But he said it would be “foolish” to predict what would happen with the pandemic over the next four weeks, and admitted the lockdown may have to be extended.

Asked if the national restrictions could be extended, he replied: “Yes.”

He said: “We will always take a decision in the national interest, based on evidence.

“We want to be in a position where we can – and I believe that this is likely to be the case – have an approach where if we bring down the rate of infection sufficiently we can reduce measures nationally and also reduce measures regionally.”

Mr Gove said a regional approach was “one that wherever possible we want to take”, because it would allow the future targeting of “a specific upsurge in specific areas”.

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His warning was echoed by former chief scientific adviser Sir Mark Walport, who said while the latest lockdown in England was “definitely” better late than never, it was “obviously a possibility” the restrictions could last longer than the first.

He told Ridge: “The lockdown is not as severe as it was first time round, so the only way to know is to see how quickly the new cases start dropping.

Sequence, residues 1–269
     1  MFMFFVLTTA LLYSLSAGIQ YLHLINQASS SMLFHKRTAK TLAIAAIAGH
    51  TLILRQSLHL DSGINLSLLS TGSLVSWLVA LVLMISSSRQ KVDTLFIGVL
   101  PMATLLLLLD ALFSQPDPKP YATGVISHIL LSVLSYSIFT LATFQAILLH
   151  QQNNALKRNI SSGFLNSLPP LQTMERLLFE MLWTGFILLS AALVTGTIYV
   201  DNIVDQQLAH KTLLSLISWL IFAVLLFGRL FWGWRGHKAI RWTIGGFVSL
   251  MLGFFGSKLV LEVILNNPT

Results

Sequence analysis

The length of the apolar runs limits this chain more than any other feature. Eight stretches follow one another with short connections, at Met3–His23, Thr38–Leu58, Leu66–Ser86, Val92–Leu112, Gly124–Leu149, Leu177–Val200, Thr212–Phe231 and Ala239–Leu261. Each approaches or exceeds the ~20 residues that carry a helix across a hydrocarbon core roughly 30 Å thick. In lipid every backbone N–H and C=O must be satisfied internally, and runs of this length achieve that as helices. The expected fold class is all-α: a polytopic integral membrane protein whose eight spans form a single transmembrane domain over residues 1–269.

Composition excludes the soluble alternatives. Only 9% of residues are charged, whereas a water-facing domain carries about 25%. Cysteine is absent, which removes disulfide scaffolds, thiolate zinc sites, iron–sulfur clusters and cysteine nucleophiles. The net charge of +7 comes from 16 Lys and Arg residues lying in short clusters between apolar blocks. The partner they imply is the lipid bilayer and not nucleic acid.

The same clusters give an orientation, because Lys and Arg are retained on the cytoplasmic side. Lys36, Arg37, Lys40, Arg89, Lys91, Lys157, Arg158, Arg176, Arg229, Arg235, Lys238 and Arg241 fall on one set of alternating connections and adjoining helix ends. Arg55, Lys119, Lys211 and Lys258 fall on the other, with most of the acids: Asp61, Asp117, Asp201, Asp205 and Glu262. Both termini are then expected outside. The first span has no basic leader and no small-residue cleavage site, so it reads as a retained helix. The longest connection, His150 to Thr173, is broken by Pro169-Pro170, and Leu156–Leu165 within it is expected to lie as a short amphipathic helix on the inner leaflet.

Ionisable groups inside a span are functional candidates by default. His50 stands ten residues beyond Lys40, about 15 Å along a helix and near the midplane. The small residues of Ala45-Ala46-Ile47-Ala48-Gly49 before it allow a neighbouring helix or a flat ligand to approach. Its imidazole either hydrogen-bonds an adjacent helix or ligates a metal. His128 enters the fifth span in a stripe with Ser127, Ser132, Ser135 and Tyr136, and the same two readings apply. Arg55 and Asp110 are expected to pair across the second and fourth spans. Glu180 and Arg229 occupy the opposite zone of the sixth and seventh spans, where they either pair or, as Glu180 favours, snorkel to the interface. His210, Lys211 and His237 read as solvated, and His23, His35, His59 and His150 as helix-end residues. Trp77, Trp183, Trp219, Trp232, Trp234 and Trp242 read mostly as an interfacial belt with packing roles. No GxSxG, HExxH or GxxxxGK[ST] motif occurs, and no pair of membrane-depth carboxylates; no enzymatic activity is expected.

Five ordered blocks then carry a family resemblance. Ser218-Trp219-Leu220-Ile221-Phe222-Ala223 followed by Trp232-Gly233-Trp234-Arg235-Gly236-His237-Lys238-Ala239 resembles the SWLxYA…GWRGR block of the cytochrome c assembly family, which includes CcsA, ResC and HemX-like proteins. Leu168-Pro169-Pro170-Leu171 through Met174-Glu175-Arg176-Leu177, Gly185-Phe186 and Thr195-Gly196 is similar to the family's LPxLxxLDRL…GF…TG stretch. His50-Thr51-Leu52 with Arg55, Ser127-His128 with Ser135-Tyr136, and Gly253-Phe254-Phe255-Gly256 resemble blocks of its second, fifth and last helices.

“As we know, there’s a lag between the case developing, hospitalisation and the horrible consequences of severe illness or death.

“It’s unlikely this time to come down quite as fast as it did during the first lockdown because we have got schools open.”

What you can and can’t do after new measures come in

Pressed if the new lockdown could be longer than the one in the spring, Sir Mark said: “It’s obviously a possibility, yes and the only way to know is going to be to really count cases as accurately as possible.”

He also cast doubt on people being able to gather at Christmas, telling Ridge: “I think the virus is sublimely indifferent as to what day of the week it is and indeed whether it’s Christmas or any other festivals, so it does seem a bit unlikely that it’s going to be a completely normal Christmas, that’s for sure.”

Professor Jeremy Farrar, a member of the Scientific Advisory Group for Emergencies (SAGE), has also suggested restrictions could be extended beyond 2 December.